Ben: Hello, and welcome to another Consolidated Credit Webinar. This time we’ll be looking at what all the fuss that RRSP season is about. Today our executive director Jeffrey Schwartz has been kind enough to join us so we can take a step back and examine what exactly happened during RRSP season and why it might matter to you.

    So, RRSP season has come and gone, and some of you are probably even wondering what that even meant. What’s all the fuss about? Why should I even care? Well, that’s what we’re going to take a look at today. We’re going to look at some of those questions in detail and give you some tips on where you can go to get help. And as always, we’ll end off with a Q&A session and cover some of those burning questions you have about RRSPs or RRSP season. I’ll let Jeff lead us off here with, “When is RRSP Season?”

    Jeff: Thanks Ben. As we’ve said, RRSP season has come and gone this year, and now your focus has probably shifted to the upcoming tax season. And given the tax implications of RRSPs, it might make sense that these two deadlines are only 60 days apart.

    So, that answer our first question: “When is RRSP season?” For most people, it’s the first two months of a new calendar year. You’ve got until March 1st to contribute to your RRSPs up to the maximum amount, which is typically 18% of last year’s total income. That means if you’re set to earn about $100,000 in 2019, you’ll have until March 1st, 2020 to contribute up to $18,000.

    The reality is that RRSP season is all year long, but we can get into that a little bit later. There are some exceptions to this rule: for instance, if you have an employer RRSP Matching Program, a pension, or you’re self-employed. So be sure you understand what your situation is so you don’t get hit with penalties for over-contributing.

    Ben: OK Jeff, I’ll try to tread lightly a little bit here. It’s never a good idea to insult your boss, but you’re a little bit older than I am. But I’m not exactly a young man, but I’m willing to bet that we have different retirement goals. So a question we get a lot in my retirement planning workshop is, “Should I care about RRSPs, or RRSP season?” Sometimes it’s older baby boomers looking at retiring in three to five years and maybe a fresh college graduate looking to enter the workforce. But they all ask me in some form or another, “What can an RRSP do for me?”

    Jeff: And you’re right Ben. Different people will always have different financial situations or goals and they can be intensely comlex, or simple and straightforward. There are so many factors involved, like, how old are you? When do you want to retire? What kind of assets have you built? How much debt do you have right now? What do you want to leave to your family when you’re gone?

    Really, in order to answer your question about whether or not you should care about RRSPs is to first ask yourself, “Do I have to have an RRSP?” If you do, what do you want to do with it? And if you don’t have an RRSP, then what’s your long-term goal?

    As you’re probably aware, CPP, OAS, and GIS (if you qualify) will not be enough to live on comfortably or close to how you’re living now when you’re retired. You’ll need some other sources of retirement income to meet all of your wants and needs so you can actually take time to enjoy your retirement.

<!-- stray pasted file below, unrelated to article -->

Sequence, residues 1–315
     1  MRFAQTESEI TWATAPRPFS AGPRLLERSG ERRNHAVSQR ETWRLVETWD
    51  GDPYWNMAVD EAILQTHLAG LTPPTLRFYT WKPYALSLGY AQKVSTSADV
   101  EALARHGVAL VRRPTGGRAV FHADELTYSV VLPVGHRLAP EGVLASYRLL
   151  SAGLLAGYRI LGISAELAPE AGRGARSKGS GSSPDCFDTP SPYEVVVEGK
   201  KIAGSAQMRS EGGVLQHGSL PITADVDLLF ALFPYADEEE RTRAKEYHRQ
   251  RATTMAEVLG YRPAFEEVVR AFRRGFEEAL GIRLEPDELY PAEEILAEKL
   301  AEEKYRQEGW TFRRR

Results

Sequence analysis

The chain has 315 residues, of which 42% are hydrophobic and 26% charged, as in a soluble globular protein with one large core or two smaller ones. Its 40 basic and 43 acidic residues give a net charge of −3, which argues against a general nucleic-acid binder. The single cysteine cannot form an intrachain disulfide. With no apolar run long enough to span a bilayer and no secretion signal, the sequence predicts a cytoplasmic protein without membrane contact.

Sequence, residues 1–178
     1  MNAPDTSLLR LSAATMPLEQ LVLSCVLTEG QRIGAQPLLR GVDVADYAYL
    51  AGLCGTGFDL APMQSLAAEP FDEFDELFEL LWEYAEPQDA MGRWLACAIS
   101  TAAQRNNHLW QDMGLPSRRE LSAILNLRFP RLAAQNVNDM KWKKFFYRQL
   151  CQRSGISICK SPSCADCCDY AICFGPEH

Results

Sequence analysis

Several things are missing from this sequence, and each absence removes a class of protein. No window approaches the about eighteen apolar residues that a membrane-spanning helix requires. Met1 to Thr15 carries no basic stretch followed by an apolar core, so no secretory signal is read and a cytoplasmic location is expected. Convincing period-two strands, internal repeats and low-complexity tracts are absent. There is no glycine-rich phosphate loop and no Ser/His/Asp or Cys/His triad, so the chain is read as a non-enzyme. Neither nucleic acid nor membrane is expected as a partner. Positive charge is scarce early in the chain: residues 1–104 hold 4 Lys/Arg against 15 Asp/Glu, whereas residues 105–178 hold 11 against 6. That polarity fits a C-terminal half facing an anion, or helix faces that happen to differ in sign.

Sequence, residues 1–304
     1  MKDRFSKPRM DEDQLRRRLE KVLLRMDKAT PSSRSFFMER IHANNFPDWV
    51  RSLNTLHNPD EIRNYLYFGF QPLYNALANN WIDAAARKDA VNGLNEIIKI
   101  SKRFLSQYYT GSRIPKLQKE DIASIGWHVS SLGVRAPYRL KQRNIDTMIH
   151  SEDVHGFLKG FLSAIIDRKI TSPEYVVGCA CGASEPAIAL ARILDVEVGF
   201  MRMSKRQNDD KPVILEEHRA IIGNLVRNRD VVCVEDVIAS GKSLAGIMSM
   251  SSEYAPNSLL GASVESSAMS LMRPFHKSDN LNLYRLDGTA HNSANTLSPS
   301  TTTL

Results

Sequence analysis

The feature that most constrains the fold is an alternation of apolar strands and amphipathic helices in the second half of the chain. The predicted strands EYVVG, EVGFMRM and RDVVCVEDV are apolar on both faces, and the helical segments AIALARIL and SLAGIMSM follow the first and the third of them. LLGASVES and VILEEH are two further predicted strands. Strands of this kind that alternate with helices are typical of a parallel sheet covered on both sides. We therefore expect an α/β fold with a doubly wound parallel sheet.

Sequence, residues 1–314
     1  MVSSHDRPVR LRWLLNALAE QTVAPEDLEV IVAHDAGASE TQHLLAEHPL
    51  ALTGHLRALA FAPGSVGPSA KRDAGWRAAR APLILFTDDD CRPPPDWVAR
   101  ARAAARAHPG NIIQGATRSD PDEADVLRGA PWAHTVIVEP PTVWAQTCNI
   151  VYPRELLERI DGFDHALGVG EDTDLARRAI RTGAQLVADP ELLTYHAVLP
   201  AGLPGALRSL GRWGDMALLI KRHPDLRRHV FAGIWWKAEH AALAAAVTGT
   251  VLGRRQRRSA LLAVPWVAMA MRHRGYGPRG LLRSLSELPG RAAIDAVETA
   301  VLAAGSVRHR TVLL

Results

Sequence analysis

Ben: Great. And that brings me to another popular question: “How do RRSPs work? What can they do for me?” Those are two very important questions and they depend a lot on your financial situation and your tax situation. But when used wisely, RRSPs can lower your annual tax bill. For people who regularly contribute to their RRSPs – and maybe they find themselves in a higher marginal tax rate – the benefits can be high there. They’ll be getting a refund on the taxes they’ve already paid, and they’re building a retirement income stream here.

    So, Jeff, another popular line of questioning I get from workshop participants is, “What are the benefits of an RRSP if I don’t have to pay taxes each year?

    Jeff: That’s a great question, and while there’s no taxable benefit for you when you’re contributing to an RRSP, you’re still saving for a secure retirement, and that’s never a bad idea. That means years and years of compounding interest and sheltered growth in a relatively secure investment vehicle which will literally pay off big when it’s time to think about retiring and withdrawing that money.

    Ben: Great. So I guess that leads into the next question: “What do you want to do with your RRSP if you do have one?” Hopefully, you’re a little bit better informed about what RRSPs can do now, and maybe start opening one, or contributing to one, or come up with some sort of retirement plan of your own.

    Those are some great financial goals to have, but before we jump on the RRSP bandwagon, let’s take a second to find out what you want to do with your RRSP. Is there somewhere else you could put that money that will better serve your needs? These are serious questions that you need to spend a little bit of time answering as best you can.

    Jeff: Yes. Definitely spend a little bit of time exploring answers to those questions. You may want to speak with a financial counsellor or a trusted advisor to clarify your situation first. If you’re looking for a place to save money first for paying off a debt or a home reno, don’t do it with an RRSP. Find some other place to save that money, like a TFSA.

    Ben: OK, once and for all, here are the three biggest benefits to an RRSP. The first is tax savings and retirement income. That was the reason these registered retirement programs started way back in the 50s. And I’m willing to bet that was probably before your time, Jeff. So, they’re meant to save taxes so you can pay them at a lower tax rate later.